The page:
Get Me Rewrite – Before the opening face-off of Tuesday’s clash between the Capitals and the New York Rangers at Madison Square Garden, the story was the return of Washington superstar Alex Ovechkin after missing six straight games with an injury, more contests than he had missed in his first four seasons combined. By the time Tuesday’s tilt was in the books, however, a couple of lesser lights had taken the spotlight from their returning teammate.
Washington won the game, 4-2. It got great effort up and down the roster, but two players sacrificed significant blood and sweat so that the Caps could bring home two points from this two-game road trip.
The Caps fell behind early as the Rangers stormed the Washington end and grabbed a quick 1-0 lead on Marian Gaborik’s goal at 1:16 of the first. New York was buzzing early on, but Washington was able to avoid falling into a deeper hole.
“They were flying for the first 10 minutes,” says Caps defenseman Brian Pothier. “We expected that; we knew they were going to do that. But it’s hard to contain. They have so much speed. With their coach, we knew they were going to come hard and they did.”
The Caps settled down a bit, but still seemed a bit sleepy until Matt Bradley aroused them midway through the first.
Bradley squared off with New York’s Aaron Voros in a lengthy, entertaining and mostly even bout that left Bradley with a lot of blood on his face and Voros with a lot of blood on his right hand. Bradley got stitched up and was back on the ice by the beginning of the second frame.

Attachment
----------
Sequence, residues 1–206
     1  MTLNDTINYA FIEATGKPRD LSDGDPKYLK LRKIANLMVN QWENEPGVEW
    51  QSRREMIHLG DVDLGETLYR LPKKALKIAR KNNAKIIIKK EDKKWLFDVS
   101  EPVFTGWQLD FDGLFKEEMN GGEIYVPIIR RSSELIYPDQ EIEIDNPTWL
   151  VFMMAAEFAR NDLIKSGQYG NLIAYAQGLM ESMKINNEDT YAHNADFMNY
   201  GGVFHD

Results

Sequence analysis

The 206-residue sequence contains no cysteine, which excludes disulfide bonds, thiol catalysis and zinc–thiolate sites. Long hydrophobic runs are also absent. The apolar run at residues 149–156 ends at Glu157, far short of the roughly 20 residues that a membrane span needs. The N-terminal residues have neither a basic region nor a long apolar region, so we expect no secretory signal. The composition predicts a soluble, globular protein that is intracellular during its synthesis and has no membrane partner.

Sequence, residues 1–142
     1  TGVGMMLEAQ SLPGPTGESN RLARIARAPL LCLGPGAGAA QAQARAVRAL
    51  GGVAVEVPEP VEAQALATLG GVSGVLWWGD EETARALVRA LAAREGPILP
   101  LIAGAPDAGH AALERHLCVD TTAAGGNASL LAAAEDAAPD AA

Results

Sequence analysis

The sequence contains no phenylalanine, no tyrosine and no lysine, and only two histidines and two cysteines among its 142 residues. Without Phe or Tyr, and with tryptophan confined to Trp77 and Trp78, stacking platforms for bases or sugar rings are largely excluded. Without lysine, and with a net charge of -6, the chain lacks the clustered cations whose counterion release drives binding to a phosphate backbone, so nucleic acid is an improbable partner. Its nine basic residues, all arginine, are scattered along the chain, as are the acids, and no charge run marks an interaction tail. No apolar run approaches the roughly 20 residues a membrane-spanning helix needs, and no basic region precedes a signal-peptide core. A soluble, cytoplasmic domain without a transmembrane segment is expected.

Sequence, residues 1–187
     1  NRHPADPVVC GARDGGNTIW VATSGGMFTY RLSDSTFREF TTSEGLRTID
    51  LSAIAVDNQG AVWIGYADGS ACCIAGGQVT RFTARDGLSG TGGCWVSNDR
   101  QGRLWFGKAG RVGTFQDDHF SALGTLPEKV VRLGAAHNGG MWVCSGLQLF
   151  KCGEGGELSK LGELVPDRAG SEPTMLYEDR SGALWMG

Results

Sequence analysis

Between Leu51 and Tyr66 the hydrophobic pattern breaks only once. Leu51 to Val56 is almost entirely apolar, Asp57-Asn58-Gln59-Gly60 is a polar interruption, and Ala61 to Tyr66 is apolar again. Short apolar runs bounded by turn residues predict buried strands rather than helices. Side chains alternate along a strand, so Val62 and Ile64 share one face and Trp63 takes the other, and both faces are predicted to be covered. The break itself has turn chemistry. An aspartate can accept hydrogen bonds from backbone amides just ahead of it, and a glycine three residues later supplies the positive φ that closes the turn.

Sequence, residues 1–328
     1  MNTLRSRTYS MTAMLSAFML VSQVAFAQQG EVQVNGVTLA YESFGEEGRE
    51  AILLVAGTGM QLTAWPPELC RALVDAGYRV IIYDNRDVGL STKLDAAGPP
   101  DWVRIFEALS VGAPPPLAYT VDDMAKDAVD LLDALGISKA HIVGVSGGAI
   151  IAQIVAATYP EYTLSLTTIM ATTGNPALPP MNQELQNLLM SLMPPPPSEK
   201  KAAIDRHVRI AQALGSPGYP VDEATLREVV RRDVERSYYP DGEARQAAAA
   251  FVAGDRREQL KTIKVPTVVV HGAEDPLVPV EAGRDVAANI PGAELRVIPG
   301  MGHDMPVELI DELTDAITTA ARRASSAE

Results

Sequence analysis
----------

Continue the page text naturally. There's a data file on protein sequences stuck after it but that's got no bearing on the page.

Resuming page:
Energized by their teammate’s efforts, the Caps evened the score on an Ovechkin power play goal in the first. Washington gained a 2-1 lead on Brooks Laich’s power play goal in the second, but the Rangers came back and squared it in the third on Gaborik’s second of the night, also on the power play.
Before Gaborik’s second goal, Caps left wing Quintin Laing laid out to block a Michal Roszival shot, but took the puck hard off the left side of his face. Laing was helped off the ice, and it was learned later that he has a broken jaw and will miss several weeks.
The performances of Bradley and Laing were honored after the game by their teammates.
“He could have shut it down,” says Laich of Bradley. “His night could have been over and he comes back and scores a huge goal in the third period. Everybody is going to talk about Ovechkin’s return but I think we should scrap that headline. Tonight’s game was about Matt Bradley and Quintin Laing.”
Asked about his own goal, Laich wouldn’t discuss it.
“I don’t care about my goal,” he says. “It was a greasy goal. There are other things to talk about tonight: the job Quintin Laing did and the job Matt Bradley did. I don’t know what to say about it. I haven’t seen stuff like that in a long time.
“Quintin Laing blocks one with his face. It’s humbling. Guys are blown away in the locker room. The locker room is quiet. Just a tremendous amount of respect for that guy. The Ovechkins and Backstroms and Greens are the backbone of this team. But the Bradleys and the Laings and those guys are the guts. And that’s I think why we win.”
Laing was left behind in New York, marking the second time in eight months the Caps left the gritty winger behind for medical treatment while they flew off to another city without him. Laing suffered a torn spleen in a game against the Lightning and was left in a Tampa hospital while the Caps continued on to Carolina.”
Bradley, who scored twice against New York netminder Henrik Lundqvist in Game 5 of the Eastern Conference Quarterfinal series between the Caps and Rangers last spring, used his speed to get past one defender and his strength to ward off another. Then he snapped a sharp wrist shot that beat Lundqvist for the game-winner with just under five minutes remaining.